In order to know the answer to this, you would need to contact a custumer service representative at your insurance company.
Your deductible may go up. Most likely though, it will be your premiums that skyrocket. After some time with no claims, costs will lessen.
There is no deductible for liability claims.
It would not affect her current claim but lowering of her deductible would then affect any future claims. Of course the premium would be slightly higher in exchange for the lower deductible. The company will also want to examine the vehicle to make sure repairs are done from the previous accident before lowering the deductible.
The claims process should be quite a bit easier. What some companies do is waive your deductible for both parties.
The other driver should be paying if they were at fault; you may sue them for your deductible in small claims court if they had no insurance.
The term is "deductible". It is payable as to collision and comprehensive claims. The deductible is chosen by the insured when the insurance is initially purchased.
yes if your ins.co. pays for your car. Even if they don't pay for your car. My agent warned me that my homeowners premiums could be raised just for filing claims! They used to send an adjustor out automatically if there was a hailstorm or windstorm, but not any more. I just wanted an ajustor to estimate the damage last spring and let me know if it would exceed my deductible.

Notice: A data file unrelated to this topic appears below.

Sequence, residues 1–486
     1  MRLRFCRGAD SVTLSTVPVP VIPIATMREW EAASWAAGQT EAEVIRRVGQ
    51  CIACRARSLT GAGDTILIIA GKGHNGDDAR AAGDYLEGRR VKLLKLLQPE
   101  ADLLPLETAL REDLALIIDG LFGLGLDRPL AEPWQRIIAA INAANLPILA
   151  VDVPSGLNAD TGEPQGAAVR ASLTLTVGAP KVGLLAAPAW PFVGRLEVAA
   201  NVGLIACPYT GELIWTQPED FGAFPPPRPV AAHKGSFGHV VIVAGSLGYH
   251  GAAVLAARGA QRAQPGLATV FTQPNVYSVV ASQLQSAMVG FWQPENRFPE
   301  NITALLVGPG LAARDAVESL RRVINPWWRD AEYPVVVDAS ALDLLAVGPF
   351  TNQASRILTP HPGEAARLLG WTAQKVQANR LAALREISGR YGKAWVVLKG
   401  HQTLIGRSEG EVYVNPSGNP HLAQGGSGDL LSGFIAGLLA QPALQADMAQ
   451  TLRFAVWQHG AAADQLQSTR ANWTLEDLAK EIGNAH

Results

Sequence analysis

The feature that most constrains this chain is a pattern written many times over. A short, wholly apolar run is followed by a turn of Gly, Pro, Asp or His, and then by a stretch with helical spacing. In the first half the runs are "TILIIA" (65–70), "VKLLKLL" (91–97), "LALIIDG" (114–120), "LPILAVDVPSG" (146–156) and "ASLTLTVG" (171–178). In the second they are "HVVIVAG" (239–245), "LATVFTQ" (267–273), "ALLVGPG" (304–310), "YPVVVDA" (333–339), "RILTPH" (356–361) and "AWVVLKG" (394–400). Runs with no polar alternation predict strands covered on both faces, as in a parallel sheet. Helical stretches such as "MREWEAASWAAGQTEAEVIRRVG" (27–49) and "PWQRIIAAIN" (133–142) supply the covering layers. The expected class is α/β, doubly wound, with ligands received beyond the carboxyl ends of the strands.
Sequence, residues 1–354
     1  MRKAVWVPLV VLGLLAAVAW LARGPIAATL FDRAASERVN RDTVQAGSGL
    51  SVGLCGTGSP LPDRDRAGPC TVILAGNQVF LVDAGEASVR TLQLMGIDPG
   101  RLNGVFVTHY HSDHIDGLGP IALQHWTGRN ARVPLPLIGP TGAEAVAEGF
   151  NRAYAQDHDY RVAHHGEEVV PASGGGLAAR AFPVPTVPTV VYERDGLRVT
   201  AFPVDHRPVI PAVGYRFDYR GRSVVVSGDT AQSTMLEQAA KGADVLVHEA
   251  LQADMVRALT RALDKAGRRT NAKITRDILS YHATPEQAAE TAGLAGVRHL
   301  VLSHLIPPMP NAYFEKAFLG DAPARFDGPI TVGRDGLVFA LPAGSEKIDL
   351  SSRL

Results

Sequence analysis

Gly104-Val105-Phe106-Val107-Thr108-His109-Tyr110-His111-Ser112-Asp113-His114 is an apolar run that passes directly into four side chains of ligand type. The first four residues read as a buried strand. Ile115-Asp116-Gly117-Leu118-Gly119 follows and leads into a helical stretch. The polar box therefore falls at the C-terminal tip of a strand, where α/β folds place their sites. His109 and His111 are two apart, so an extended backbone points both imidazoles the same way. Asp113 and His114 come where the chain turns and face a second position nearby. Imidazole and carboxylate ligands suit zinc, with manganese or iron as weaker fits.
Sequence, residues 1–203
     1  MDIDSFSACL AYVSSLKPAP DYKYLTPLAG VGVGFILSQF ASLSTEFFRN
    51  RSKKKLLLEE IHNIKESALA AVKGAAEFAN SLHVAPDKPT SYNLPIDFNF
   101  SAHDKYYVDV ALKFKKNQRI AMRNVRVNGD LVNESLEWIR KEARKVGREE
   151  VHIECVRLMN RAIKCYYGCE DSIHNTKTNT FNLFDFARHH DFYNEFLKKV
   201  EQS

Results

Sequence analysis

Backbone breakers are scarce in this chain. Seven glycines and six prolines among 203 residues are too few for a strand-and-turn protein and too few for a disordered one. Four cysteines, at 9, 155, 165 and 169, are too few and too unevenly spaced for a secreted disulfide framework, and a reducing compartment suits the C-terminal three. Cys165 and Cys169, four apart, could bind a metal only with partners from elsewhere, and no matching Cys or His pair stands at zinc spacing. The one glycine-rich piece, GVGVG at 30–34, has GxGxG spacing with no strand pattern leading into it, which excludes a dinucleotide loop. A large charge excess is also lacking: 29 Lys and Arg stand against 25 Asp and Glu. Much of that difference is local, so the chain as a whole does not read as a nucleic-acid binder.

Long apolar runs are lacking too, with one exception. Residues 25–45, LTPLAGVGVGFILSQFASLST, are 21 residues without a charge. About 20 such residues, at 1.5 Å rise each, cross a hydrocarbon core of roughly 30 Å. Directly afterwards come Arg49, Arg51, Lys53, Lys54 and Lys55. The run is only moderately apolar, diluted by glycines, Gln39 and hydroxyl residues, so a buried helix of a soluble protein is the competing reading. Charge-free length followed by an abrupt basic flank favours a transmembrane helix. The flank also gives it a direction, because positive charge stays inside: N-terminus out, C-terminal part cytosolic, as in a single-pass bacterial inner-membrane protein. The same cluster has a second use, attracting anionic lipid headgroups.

This depends on how much money you have in reserves to pay for repairs or unexpected expenses. If you have 2 to 5,000 to use for emergencies consider a higher deductible to lower premiums as insurance should be considered for major catastrophies and not about $100 broken window claims.
"Accident year loss ratio" is a term insurance companies use as an abbreviation for "the total amount of money lost to claims divided by the amount of premiums earned in a given calendar year."
road traffic accident claims
Aflac pays 2X as much in claims as in administrative costs.
Most insurance claims do not require police reports. Some states require it for hit and run claims.